Looking to jump on the microsite madness bandwagon? Let these useful tips be your guide.
The current trend in the world of marketing seems to spin around microsites. You can think of these as branded blogs, independent campaigns or communication platforms. In a nutshell, these are sites that sport an independent URL, design, content and navigation than the main brand website, where brands publish content to attract the desired crowd.
The term microsite is defined on Wikipedia, in part, as follows:
A microsite, also known as a minisite or weblet, is an Internet web design term referring to an individual web page or cluster of pages which are meant to function as an auxiliary supplement to a primary website. Microsites may be used for purely commercial purposes to create in-depth information about a particular product, service or as editorial support towards a specific product, such as describing a new technology.
New microsites seem to be springing up every day. Brands are using microsites instead of social platforms such as Facebook for their projects and campaigns because they get better viewership and sales conversions.
Be it launching a new product, announcing your corporate culture, keeping a contest for your audience or sharing a brand promotion, these sites can connect you directly to your customer. However, these sites can also prove to be costly, high-maintenance and confusing for your users.
Here’s some pros, cons and tips to help you decide whether it’s time for you to get your hands into a new microsite for your brand or not, and to aid the way:
1. Make It Stand Out
For the sake of work you put into making a microsite, make sure to give it a whole new look, feel and reason of existence that is separate from the brand’s website thus providing users with a reason to visit your microsite and interacting with it.
2. Short Lifespan
Microsites work best for temporary and short-term projects or campaigns, as it needs to be maintained just like a normal website. Giving it a shorter life saves you maintenance cost over the longer term.
3. Lead The Way
A lot of microsites confuse the users and direct them to the main website and kill their curiosity. Make sure your microsite has clear indications and directions to guide the users and whip up their enthusiasm and interest.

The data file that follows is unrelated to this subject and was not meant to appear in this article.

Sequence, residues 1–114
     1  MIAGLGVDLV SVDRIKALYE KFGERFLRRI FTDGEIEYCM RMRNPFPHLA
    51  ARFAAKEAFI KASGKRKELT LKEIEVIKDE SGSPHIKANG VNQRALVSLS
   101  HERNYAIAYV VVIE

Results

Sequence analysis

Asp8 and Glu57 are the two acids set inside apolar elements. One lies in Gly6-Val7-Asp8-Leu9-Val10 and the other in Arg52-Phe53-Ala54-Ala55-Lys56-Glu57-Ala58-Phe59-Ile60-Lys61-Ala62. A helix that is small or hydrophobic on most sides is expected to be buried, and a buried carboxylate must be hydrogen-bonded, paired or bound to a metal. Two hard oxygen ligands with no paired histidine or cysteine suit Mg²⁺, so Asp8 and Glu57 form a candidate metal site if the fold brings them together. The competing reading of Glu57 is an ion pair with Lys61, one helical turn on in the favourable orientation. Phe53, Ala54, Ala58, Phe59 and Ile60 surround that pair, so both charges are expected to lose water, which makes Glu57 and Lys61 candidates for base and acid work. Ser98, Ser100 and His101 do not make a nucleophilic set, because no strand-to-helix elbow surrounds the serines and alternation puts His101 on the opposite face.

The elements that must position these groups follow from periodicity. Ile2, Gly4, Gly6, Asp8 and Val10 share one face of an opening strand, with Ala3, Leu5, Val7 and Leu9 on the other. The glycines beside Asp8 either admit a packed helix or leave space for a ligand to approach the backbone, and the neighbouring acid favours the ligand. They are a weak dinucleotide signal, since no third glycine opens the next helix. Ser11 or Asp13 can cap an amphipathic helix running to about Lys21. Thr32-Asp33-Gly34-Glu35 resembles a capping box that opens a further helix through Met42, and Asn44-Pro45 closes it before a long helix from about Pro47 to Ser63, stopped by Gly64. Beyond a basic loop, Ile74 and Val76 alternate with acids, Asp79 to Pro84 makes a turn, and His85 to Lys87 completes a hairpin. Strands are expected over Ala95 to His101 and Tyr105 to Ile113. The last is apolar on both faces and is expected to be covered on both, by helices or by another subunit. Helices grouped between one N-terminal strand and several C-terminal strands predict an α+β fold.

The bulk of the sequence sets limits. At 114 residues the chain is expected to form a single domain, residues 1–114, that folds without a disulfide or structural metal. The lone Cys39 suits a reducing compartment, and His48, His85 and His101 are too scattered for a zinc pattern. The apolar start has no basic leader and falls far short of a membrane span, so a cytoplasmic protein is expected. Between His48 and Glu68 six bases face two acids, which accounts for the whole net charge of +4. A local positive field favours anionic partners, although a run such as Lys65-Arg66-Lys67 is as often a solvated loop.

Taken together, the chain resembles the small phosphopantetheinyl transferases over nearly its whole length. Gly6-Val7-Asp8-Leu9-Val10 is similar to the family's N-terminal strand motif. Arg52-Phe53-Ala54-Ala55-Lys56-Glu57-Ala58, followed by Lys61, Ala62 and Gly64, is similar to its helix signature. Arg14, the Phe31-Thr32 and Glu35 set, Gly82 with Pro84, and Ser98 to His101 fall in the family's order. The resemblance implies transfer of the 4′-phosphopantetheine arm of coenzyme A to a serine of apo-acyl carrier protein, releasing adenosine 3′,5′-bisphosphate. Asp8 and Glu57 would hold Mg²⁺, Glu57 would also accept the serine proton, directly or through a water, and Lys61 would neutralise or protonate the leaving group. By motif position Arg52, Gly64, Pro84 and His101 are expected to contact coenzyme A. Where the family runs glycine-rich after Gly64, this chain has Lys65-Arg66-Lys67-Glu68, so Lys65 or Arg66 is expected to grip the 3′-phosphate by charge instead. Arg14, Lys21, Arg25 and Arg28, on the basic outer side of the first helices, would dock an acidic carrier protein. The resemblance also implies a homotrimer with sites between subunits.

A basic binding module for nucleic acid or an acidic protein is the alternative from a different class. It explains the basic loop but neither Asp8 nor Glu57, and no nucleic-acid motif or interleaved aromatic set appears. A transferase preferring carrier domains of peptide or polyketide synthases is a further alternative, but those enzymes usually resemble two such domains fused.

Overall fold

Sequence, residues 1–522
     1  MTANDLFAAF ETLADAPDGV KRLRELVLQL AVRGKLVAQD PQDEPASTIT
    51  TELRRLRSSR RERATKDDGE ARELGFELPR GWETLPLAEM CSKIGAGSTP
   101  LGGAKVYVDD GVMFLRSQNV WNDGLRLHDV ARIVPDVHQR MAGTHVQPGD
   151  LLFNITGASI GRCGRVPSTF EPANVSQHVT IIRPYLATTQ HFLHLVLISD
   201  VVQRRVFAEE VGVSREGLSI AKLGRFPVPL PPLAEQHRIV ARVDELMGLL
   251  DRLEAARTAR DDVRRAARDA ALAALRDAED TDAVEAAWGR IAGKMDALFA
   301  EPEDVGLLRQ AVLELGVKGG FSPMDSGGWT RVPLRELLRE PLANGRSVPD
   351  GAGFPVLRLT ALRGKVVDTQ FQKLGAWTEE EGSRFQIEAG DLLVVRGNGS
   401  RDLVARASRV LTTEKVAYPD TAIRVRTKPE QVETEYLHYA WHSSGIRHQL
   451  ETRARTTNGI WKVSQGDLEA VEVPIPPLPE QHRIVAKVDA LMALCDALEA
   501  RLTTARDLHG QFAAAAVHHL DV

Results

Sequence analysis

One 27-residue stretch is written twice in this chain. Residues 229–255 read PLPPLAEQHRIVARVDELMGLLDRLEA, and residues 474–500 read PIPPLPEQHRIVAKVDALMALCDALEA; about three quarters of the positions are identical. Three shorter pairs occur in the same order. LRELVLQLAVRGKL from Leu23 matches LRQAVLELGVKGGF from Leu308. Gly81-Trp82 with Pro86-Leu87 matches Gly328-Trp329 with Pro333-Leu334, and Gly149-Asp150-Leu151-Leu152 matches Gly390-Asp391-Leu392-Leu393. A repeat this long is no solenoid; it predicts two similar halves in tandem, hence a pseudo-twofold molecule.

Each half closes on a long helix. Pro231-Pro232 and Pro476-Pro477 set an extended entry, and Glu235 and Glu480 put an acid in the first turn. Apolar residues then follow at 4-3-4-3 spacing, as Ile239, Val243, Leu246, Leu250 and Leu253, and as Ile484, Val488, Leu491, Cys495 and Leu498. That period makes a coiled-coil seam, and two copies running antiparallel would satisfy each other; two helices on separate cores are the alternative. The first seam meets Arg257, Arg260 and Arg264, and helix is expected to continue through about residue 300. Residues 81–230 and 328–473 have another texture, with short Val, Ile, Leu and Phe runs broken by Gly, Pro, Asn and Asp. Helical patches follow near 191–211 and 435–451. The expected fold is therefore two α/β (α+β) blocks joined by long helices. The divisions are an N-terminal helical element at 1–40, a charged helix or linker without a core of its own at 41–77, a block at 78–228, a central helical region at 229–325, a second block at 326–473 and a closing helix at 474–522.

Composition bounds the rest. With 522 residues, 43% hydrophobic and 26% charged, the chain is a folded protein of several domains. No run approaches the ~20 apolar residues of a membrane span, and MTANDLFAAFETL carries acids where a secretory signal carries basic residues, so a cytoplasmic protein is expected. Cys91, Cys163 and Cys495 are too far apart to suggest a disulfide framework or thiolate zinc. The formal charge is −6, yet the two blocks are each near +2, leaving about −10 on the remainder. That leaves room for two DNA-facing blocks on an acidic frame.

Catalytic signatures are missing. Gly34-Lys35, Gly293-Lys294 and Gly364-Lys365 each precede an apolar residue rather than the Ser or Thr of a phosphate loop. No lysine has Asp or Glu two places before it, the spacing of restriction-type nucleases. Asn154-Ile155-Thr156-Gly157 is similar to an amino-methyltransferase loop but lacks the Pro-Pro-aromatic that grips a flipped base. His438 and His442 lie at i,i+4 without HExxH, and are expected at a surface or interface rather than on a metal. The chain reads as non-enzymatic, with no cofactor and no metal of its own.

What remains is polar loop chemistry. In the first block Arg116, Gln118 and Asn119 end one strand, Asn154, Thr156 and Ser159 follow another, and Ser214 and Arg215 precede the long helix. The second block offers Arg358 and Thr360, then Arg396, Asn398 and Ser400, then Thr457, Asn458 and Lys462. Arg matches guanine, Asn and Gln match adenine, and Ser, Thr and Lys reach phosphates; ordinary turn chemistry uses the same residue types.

4. Website First
A lot of companies neglect their main websites and see microsites as a replacement. This leaves a lot of trusty customers in dismay for when they wish to interact directly to the brand and its website. Make the improvement of your website your no.1 priority and then work on creating a microsite.
5. Let Them Play
A lot of microsites these days comprise of fun, interactive games and incentives for the users. These attract a lot of attention. Take Kim Kardashian’s Hollywood as an example, a game about dating and fashion that generates $700,000 each day. The mind-blowing figure may sound tempting, but always make sure to stay true to your brand. Creating games for the sake of popularity will not be enough. Your brand should shine through it too.
Coca-Cola is the undisputed king of microsites. Last winter’s SweaterGenerator.com and the Super Bowl’s CokeChase.com are a set of “choose your own adventure” style films.
Last year, it launched “The Ahh Effect” a set of 61-and-growing microsites. Each site has a different URL, with a different number of “h’s” at the end of the “ah.”
Enter three “h’s” and you get bottle rocket, a game that lets you “fuel” a Coke-bottle rocket and then launch it. Ten “h’s” gets you an ice-toss game. The sites were created by Wieden + Kennedy Portland. It’s an ongoing project, with more URLs added as time passes.